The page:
Sunday, December 2, 2007
Through the glass darkly: Everything you want in a shorebird, and so much less!
Sometime last week, Glenn and I were talking about the Wall of Death surrounding the Brightwater development at Bolsa Chica, and the conversation went off on a weird tangent.
"'Brightwater.' That reminds me of that film Ring of Bright Water," Glenn said.
I told him it sounded vaguely familiar, but I hadn't seen it. "What's it about?"
"It's about this man who keeps a wild otter as a pet, and it trashes his house."
"And then what happens?"
"He lets it go, and it gets killed."
I knew there had to be a moral in there somewhere.
The Wall of Death has been getting ample coverage, both from the Orange County Register and the Los Angeles Times , as well as through several other local outlets. And with this coverage comes the inevitable backlash: How could you idiots be so worried about a handful of birds when there are so many Really Important Adult Matters at stake?
These Really Important Matters fall into two groups (1) homelessness/the war in Iraq/health care and (2) Property values. Yes, I know world peace is a more urgent goal than taking down a glass wall in Huntington Beach, but birders have the knowledge and resources to do something about the latter and not the former. And I've noticed that those who invoke intractable social problems to trivialize birders' concerns are generally not the ones doing a whole lot to solve these big problems, either. So no, I don't feel like a moral midget.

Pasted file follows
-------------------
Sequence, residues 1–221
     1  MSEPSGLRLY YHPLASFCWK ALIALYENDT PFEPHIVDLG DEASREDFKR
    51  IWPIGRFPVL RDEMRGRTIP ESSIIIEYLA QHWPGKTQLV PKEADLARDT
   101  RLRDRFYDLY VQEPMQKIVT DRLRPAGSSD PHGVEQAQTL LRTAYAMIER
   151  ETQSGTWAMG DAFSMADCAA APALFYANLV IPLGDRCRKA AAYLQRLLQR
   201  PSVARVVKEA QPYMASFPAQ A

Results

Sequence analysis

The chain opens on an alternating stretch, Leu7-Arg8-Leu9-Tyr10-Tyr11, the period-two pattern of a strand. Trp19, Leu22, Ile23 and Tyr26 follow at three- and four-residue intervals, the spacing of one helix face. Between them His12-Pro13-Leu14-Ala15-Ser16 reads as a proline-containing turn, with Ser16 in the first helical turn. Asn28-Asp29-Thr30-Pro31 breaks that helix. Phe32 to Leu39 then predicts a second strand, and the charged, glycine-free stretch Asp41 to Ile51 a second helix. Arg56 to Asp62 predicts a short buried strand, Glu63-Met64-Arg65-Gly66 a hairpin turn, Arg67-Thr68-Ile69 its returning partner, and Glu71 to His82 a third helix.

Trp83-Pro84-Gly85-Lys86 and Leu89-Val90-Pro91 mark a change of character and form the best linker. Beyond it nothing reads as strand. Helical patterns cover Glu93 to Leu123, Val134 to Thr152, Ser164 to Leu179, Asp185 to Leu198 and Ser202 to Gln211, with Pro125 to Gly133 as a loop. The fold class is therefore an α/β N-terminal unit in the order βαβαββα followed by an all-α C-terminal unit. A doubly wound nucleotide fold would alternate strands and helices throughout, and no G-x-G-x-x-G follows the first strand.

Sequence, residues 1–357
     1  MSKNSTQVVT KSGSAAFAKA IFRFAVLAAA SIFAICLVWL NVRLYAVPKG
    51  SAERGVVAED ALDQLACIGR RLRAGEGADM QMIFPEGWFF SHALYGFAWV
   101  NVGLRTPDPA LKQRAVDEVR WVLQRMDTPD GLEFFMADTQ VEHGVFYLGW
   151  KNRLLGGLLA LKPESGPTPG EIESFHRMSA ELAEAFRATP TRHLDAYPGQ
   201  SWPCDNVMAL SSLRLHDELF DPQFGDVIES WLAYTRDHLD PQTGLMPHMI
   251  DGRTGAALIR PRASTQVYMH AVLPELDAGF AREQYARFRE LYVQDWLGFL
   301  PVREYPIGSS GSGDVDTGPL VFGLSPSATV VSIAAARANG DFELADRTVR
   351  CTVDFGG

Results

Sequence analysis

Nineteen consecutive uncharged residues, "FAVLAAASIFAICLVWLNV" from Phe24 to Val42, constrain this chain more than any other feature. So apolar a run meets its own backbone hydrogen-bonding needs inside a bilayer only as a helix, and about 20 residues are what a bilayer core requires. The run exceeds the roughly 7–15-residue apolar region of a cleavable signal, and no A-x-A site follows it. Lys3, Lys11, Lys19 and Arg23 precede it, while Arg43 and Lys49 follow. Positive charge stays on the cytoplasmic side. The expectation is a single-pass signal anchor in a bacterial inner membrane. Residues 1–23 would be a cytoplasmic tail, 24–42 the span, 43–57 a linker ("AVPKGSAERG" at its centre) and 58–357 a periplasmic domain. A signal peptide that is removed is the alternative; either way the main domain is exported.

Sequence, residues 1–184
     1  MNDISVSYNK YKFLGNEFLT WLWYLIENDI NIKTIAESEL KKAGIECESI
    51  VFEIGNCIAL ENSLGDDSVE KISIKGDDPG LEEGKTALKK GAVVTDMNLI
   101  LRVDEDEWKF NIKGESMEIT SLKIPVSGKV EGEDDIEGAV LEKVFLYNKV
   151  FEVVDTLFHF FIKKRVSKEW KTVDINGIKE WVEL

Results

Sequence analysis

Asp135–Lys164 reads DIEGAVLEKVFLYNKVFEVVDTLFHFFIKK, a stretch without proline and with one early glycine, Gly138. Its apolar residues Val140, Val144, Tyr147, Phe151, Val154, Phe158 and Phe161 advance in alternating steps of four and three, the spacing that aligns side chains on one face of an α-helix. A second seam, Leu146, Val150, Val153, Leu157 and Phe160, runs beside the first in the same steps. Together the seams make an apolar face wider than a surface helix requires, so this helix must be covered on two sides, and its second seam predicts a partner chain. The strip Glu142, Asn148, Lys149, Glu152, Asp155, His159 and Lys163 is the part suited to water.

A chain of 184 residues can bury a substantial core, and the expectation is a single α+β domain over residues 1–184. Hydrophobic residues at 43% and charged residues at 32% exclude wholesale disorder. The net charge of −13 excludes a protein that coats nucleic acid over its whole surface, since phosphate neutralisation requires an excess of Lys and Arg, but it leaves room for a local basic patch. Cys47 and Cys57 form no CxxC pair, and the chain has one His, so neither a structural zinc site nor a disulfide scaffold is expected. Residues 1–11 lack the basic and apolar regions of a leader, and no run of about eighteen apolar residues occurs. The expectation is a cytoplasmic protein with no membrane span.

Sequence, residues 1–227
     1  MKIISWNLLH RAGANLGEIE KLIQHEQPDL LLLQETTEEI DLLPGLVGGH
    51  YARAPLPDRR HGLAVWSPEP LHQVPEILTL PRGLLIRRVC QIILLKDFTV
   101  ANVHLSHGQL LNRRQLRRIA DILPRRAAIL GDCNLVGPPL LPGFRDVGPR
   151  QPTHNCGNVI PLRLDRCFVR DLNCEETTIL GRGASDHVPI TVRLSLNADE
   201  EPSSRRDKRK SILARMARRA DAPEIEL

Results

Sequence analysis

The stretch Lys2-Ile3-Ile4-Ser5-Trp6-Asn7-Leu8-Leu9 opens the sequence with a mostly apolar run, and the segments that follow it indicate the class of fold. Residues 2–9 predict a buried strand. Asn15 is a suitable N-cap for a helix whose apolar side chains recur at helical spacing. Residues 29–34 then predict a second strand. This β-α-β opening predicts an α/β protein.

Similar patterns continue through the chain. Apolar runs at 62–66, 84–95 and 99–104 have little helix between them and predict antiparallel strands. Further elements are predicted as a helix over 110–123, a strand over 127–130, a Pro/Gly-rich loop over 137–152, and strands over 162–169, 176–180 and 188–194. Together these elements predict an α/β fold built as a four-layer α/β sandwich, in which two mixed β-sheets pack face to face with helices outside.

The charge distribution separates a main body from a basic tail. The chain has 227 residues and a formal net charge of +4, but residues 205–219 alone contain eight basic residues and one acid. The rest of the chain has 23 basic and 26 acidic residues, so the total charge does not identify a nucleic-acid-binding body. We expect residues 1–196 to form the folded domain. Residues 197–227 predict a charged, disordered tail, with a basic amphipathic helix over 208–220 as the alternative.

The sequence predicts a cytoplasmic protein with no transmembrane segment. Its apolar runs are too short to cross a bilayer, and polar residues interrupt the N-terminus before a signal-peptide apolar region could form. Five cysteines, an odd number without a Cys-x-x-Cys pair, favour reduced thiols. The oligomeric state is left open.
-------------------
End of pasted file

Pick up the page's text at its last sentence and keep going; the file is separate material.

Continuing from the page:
And as for the second kind of Really Important Matter...as I mentioned to another birder this weekend during another Sea and Sage walk along the wall, it seems that just about any kind of selfish, unsafe, or antisocial behavior instantly becomes acceptable if one utters the magic words PROPERTY VALUES! (You're having Nelson Mandela as a house guest next weekend?! BUT WHAT ABOUT MY PROPERTY VALUES???).
And as a letter-writer to the Times noted today, it's ironic that people will be paying a premium to live by a nature reserve, but will be blocked off from it by a wall that kills exactly what makes the reserve special.
To their credit, the Brightwater people have installed a windscreen behind the chain-link fence that they recently erected behind the glass wall. And they promise to cover the glass wall with decals that are unobtrusive to the human eye, but reflect ultraviolet light conspicuous to birds. The Audubon conservationist leading our last two walks along the wall says these have proven effective in some cases in preventing bird collisions.
I do hope this works, and unlike A Ring of Bright Water, this Brightwater epic will have a happy ending. The worst-case scenario will be like the movie: some wild force cannot be tamed, or made compatible with suburban life. And everyone involved will suffer because of it.
Posted by Felicia at 5:56 PM